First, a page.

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Good news. We are finally off the generator and back onto the electricity supplied routinely, but not to us these last nine days, by PSEG. Why have we been suffering while others around us have had electricity all this time? The answer has to do with supply and demand. Because there has been so much demand for contractors and carpenters as a result of the recent storm, we have had to wait our turn.

When the huge, stately tree that lived next to our driveway was snapped off at its roots by what the National Weather Service termed as straight-line wind — but not a tornado — it collapsed across our parking lot. The falling tree pulled down the lines and the tube that served as a conduit for the electrical wires on the rear of the building, too.

In effect it snapped the tube in two as if it were a matchstick. The electric company was not going to restore the lines that had been mounted outside the building until we were sure of the permanence of the wooden construction of our rear wall. And that required the approval of a contractor.

So we were hung up, waiting for help that wasn’t hurrying our way. Yes, we were kept in business by a big generator, powering our computers, Internet and phone lines but decidedly not our air conditioning. That required more energy than our generator could deliver. Perhaps you didn’t notice, those of you reading this, that there were a lot of beastly hot days during the last nine. We noticed. It was like the historically miserable sweatshop, I imagine. We kept going but it wasn’t pretty.

We would still be waiting but for a happy alternative. Yes, it required the approval of others, but that was fairly quickly forthcoming. We decided to trench the distance from the electric lines on the road, across the parking lot and into the basement. By doing so, we were able to avoid refastening the power lines to the back of our building.

Now we are no longer in a hurry for a contractor. More satisfying, too, is putting the electric lines underground, something we have been editorializing about for most of our almost-40 years of publishing. We can still lose power in future storms if lines are broken somewhere on the roads leading to our building, but not ever again if the problem is within our property.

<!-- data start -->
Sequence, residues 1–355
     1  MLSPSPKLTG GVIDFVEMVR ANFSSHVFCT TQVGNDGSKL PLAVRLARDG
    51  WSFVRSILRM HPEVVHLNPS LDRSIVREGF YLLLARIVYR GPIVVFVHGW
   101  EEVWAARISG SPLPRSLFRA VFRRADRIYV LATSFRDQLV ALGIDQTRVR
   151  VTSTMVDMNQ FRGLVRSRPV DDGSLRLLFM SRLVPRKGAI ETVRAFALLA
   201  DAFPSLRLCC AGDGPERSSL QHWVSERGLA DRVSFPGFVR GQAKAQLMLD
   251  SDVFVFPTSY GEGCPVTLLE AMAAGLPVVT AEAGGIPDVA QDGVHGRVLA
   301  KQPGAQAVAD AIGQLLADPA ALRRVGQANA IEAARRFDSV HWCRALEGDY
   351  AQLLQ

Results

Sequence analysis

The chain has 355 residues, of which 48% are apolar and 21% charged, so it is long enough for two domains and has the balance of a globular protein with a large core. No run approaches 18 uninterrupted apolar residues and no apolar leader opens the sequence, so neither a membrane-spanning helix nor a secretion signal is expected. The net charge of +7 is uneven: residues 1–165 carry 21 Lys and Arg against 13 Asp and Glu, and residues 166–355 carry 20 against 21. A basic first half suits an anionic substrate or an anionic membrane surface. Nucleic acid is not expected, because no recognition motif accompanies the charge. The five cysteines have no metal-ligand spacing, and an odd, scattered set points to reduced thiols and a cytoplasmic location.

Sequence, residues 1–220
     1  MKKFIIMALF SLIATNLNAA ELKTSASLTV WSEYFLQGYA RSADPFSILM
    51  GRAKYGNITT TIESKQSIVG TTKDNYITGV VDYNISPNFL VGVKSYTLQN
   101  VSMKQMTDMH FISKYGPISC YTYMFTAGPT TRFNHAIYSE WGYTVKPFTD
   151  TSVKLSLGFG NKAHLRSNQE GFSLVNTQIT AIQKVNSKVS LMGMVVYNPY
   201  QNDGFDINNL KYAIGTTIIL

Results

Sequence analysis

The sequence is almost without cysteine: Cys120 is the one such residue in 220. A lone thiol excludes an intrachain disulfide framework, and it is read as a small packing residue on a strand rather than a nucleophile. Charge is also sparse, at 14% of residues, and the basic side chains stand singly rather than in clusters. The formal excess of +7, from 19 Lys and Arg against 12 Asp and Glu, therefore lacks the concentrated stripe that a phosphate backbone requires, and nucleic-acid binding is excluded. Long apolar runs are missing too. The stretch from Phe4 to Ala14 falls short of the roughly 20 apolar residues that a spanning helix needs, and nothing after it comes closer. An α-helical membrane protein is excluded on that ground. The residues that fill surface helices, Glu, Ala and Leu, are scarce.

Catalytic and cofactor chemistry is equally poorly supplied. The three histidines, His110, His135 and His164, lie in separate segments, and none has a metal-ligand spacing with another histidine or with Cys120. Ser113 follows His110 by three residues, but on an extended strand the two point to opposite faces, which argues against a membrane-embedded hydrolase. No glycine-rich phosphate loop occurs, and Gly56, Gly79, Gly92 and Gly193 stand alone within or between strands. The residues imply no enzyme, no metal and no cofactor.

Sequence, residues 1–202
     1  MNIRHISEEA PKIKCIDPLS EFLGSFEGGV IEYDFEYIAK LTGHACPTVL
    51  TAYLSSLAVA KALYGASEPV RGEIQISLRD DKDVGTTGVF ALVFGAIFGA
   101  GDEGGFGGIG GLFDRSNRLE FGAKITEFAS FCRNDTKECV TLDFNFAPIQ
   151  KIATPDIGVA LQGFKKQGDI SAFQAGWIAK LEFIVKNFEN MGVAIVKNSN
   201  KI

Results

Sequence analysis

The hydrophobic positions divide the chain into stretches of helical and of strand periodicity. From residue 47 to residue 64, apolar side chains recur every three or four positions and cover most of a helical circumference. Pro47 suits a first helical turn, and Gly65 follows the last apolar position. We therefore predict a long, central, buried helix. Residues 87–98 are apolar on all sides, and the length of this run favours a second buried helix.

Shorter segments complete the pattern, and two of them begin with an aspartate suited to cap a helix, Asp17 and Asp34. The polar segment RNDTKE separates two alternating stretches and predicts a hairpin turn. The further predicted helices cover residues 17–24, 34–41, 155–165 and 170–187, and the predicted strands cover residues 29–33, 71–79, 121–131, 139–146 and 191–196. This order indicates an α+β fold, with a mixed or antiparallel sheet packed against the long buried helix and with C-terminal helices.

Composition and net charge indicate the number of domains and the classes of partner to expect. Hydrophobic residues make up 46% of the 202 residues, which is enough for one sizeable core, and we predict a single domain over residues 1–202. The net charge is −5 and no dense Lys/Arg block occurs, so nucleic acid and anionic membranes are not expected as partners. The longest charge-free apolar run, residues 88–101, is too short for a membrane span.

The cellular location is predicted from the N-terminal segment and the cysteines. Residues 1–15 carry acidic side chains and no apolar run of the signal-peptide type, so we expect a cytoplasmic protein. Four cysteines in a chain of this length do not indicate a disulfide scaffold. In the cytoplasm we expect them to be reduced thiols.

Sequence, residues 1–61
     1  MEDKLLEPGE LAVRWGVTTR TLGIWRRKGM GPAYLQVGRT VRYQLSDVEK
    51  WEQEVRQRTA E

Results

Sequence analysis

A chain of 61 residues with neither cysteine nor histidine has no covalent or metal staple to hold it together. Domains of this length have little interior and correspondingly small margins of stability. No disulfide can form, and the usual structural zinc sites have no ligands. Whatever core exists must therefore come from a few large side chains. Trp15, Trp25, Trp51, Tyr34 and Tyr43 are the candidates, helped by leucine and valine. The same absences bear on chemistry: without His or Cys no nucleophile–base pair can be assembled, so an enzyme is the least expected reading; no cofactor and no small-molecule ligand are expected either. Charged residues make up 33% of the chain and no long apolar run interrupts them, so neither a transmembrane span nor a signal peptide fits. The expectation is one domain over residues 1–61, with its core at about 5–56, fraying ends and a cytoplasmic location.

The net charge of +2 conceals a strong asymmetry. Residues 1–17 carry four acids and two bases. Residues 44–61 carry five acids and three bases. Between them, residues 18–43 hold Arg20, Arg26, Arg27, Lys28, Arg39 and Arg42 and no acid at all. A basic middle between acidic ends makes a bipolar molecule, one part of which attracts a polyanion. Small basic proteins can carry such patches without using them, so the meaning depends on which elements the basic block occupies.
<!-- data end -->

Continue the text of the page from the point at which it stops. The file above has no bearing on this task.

In order to trench our way from the roadside electric lines to our building, we first had to get approval from PSEG, certifying that there were no other lines underground that we might be cutting into in the process. They call such on-site evaluation “marking,” and you have undoubtedly seen differently colored painted arrows and drawings on the roads that indicate where utility lines are or are not to go.

It took the better part of a day to do the trenching, lay in the lines, cover them with dirt and blacktop the ditch. PSEG was then summoned, and to their credit they arrived with three trucks that evening and
approved of the entire job.
We are set now to power on.

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It was a night to remember. The thunder cracked so loudly in the middle of the night above our house that I lost my hearing for a few seconds. I jumped out of bed, worried about the dog and his heavy weather anxieties. Sure enough, he was in great need of reassurance and affection. Once I had my hands on him, I was further stunned by the rain—or was it hail?—thudding against the windows. The power went out decisively, without any warning. It was surely a wild night out there, I decided, before falling back to sleep.

Little did I know how wild, until I started out my front door to an early morning meeting. Branches, twigs and leaves were strewn everywhere on the driveway and front lawn. Getting to work took five times as long as usual and involved strategic detours around downed trees and power lines. Traffic lights were out, and once again I marveled at the graciousness of local drivers, who allowed each other a turn at the intersections.

The sight at the newspaper building was worse than anything thrown at us by Hurricane Sandy. We were deeply grateful to have gotten off relatively lightly in terms of damage then. But Nature made up for it this time.

The parking lot was filled with the corpse of what had been a stately, leafy tree. In falling, it had ripped off part of the roof and the pipeline of electrical lines that normally go up the side of the building. The lines were everywhere, entwined in the limbs, and one side of the road leading to the building was entirely blocked by another giant fallen tree.

My first thought as I stood looking at the chaos was that it was Tuesday. Now might not mean much to the average resident, but Tuesdays and Wednesdays are our two busiest, most time-pressured days for preparing the newspapers for publication.

So what was the first thing I did? I got a cup a coffee from a shop that was still open. After that, in rapid succession, was getting a team together with electric saws, collaring an electrician to assure us that it was it safe to walk among the electrical lines on the ground, assessing the electrical damage to the building, finding a generator to put us back in production, getting the word out to our staff, first to stay away, and then to hurry in when the generator arrived.